r Imagine running as fast as you can down the track toward the high jump with vision that is like looking through binoculars backwards and clearing 6 feet 2 inches (1.88 meters). That is exactly what Tyson Gunter did at the World Championship Paralympics in London, England in July of last year. Additionally, our legally blind athlete competed in the long jump with a 20-foot 6-inch jump. Tyson came away with two Silver Medals.
Tyson Gunter has a condition known as Albinism which is characterized by absence of pigment in the skin, hair and eyes. Vision impairment is common in albino individuals because of the eyes dependence on melanin which results in limited peripheral and depth perception vision. With his corrective glasses, Tyson’s vision is 20/150. Despite this handicap, he has achieved an amazing record in track events.
Born in Preston, Idaho October 21, 1986, Tyson grew up on a dairy farm and competed in his first track and field event at age 8. During his four years at Marsh Valley High School in Arimo, Idaho he was an All-State Track and Field Champion. While in High School he tied the school’s high jump record of 6 feet 6 inches. After serving an LDS Mission in Tacoma, Washington, he enrolled at Idaho State University and earned a scholarship after his first year. Tyson became a 4-year letterman and finished in the top 6 each year in the NCAA Division 1 Big Sky Conference in Track and Field. After college, he competed internationally on the 2013 Paralympic World Championship team in Lyon, France, where he received Silver Medals for the Long Jump (20.5 ft.) and the High Jump (6.2 ft.). At the 2015 Para Pan America Games in Toronto, Canada, he won another Silver Medal in the Long Jump (21.5 ft.). The next big event for Tyson was the 2016 Paralympic World Championships in Rio de Janiero, Brazil. However, they removed Jumping events, which was Tyson’s specialty that he has always trained for. So, he qualified as a sprinter and completed 7th in the 400 meter (1/4 mile) race with a time of 50.36 seconds.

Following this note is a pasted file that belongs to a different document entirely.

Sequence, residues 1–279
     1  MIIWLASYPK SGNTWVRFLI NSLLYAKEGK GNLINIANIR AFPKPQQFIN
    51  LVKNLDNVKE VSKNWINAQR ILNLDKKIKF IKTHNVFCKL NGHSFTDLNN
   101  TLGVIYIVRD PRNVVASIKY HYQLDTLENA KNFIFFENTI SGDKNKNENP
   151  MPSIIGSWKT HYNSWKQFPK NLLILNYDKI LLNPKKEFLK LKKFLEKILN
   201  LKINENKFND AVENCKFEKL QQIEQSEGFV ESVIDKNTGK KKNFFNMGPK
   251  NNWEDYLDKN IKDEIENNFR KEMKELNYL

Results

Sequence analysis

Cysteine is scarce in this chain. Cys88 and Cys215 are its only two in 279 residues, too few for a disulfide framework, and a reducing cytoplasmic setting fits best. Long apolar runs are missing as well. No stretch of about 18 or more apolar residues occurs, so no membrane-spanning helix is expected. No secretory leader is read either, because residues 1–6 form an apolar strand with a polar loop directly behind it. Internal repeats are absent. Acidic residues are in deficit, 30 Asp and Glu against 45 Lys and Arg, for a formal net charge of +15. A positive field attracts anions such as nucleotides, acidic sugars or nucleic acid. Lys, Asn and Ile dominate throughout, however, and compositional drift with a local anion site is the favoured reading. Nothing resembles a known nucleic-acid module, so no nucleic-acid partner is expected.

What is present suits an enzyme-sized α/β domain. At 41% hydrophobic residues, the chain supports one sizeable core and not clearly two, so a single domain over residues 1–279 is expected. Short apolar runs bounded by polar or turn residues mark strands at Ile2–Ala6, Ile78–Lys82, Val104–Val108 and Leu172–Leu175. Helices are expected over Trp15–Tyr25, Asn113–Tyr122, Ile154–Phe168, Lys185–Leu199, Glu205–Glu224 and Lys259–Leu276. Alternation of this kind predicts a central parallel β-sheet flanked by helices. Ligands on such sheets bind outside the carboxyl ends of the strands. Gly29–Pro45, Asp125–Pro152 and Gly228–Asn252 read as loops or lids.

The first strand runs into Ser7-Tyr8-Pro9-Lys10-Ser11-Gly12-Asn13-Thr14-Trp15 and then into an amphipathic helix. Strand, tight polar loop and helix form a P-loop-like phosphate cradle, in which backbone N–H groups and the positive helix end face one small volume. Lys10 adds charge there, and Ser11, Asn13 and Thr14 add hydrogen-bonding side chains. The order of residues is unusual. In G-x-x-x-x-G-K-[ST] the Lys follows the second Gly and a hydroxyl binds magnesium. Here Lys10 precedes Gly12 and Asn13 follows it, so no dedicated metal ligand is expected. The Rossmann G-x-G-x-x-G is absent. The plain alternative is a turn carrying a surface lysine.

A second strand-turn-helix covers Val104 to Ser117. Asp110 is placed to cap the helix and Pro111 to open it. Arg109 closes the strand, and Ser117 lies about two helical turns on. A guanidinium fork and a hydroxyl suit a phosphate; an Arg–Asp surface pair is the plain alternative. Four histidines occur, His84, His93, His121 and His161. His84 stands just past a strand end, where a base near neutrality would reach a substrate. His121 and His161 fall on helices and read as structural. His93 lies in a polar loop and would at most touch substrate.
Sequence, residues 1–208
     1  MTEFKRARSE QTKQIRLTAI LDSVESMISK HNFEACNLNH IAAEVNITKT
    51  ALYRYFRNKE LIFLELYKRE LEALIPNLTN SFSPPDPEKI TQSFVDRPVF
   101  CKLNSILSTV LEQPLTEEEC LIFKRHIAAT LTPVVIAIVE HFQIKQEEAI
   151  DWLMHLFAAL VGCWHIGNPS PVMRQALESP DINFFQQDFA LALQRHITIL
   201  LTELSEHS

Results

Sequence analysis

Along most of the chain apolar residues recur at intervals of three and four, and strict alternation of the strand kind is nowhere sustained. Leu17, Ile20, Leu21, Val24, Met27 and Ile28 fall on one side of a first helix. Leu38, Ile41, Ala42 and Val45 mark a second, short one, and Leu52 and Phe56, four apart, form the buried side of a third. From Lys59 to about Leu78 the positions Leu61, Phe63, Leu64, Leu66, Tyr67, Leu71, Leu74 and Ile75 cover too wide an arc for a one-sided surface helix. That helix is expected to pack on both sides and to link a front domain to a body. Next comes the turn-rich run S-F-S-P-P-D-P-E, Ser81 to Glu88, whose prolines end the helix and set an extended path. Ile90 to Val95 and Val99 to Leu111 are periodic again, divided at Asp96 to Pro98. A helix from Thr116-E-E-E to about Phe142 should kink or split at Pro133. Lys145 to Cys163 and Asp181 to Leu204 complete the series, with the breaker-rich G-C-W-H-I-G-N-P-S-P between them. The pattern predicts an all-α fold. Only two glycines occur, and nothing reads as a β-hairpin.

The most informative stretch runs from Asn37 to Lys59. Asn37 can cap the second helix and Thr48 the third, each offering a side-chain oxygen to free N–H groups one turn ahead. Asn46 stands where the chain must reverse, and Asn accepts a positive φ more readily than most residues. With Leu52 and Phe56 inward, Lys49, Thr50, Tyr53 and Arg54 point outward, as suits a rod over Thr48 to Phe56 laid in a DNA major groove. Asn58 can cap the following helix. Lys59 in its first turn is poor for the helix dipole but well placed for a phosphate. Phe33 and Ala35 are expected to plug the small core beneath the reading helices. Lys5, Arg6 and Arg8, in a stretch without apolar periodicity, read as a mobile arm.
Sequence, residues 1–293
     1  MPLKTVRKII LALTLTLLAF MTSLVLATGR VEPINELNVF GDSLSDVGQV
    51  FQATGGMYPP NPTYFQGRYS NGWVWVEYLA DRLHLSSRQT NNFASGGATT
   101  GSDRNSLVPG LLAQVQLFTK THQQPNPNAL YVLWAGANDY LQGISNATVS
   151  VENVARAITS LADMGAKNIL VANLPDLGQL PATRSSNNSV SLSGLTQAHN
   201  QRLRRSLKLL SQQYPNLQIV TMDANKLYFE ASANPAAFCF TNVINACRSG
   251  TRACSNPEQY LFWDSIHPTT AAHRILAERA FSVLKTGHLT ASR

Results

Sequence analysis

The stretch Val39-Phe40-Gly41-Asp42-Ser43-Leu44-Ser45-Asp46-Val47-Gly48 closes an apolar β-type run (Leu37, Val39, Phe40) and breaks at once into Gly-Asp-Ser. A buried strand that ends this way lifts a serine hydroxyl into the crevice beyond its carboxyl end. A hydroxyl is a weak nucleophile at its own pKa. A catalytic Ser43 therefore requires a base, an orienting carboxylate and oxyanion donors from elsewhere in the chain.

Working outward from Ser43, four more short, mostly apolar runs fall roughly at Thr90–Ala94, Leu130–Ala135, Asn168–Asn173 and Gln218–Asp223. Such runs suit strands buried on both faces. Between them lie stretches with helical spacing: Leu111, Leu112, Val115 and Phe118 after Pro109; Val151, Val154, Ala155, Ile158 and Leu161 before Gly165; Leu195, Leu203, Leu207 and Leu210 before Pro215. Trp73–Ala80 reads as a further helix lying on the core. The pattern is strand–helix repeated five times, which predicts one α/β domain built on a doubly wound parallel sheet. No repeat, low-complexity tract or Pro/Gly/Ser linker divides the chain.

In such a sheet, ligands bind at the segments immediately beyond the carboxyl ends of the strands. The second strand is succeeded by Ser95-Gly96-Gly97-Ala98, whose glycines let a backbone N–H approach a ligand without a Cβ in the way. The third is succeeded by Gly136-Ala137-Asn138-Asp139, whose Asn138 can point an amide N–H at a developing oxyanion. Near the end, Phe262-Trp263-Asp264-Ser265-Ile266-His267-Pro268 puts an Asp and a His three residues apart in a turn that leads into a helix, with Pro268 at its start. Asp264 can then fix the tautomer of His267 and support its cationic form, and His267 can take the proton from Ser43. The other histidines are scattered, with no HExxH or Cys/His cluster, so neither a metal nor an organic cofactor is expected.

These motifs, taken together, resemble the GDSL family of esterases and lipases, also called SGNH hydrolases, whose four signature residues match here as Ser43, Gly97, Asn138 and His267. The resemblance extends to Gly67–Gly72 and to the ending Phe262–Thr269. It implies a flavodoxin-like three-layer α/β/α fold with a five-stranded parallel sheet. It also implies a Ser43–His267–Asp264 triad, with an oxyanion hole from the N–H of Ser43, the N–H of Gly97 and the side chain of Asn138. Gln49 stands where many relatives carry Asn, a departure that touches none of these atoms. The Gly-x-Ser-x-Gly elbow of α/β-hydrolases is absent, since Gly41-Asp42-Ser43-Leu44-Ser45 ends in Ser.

How can a man legally blind achieve the athletic accomplishments of Tyson Gunter? His answer is practice, practice, practice, so he can memorize the track. He cannot see the jump point until he is just about there. His coach is Dace Nielsen formally with Idaho State University and now with Eastern Washington University. Currently his wife, Makenzie, who is an accomplished track and field athlete herself, video tapes Tyson’s running and jumping and sends it to Dave for critiquing.
In addition to his athletic accomplishments, Tyson has a Bachelors Degree in Marketing from Idaho State University and is currently working on a Masters of Business Administration through online coursework through the Keller Graduate School of Management of DeVry University. He is General Manager of the newly opened Athlete Development Center in Spanish Fork. Tyson Gunter is an amazing person and wonderful example to the rest of us without disabilities. Tyson does request that if you know of someone with a visual or physical handicap that would like to get involved in track and field he would like to talk to them and help them. You can find Tyson on social media.